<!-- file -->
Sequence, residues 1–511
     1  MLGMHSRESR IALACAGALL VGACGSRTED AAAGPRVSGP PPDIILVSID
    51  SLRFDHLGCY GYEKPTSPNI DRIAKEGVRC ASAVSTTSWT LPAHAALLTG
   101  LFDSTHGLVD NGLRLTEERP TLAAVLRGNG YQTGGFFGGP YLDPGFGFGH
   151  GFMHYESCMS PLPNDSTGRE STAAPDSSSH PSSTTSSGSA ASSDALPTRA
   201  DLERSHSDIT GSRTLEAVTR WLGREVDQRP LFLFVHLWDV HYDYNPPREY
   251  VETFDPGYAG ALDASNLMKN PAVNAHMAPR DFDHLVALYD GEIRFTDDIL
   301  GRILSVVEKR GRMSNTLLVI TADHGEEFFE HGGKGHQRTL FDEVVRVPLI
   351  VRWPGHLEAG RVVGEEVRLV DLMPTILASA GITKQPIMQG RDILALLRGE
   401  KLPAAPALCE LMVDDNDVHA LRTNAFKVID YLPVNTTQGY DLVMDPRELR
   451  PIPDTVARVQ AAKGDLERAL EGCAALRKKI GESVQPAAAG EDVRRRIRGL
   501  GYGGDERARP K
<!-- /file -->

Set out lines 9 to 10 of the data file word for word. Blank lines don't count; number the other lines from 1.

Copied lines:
   351  VRWPGHLEAG RVVGEEVRLV DLMPTILASA GITKQPIMQG RDILALLRGE
   401  KLPAAPALCE LMVDDNDVHA LRTNAFKVID YLPVNTTQGY DLVMDPRELR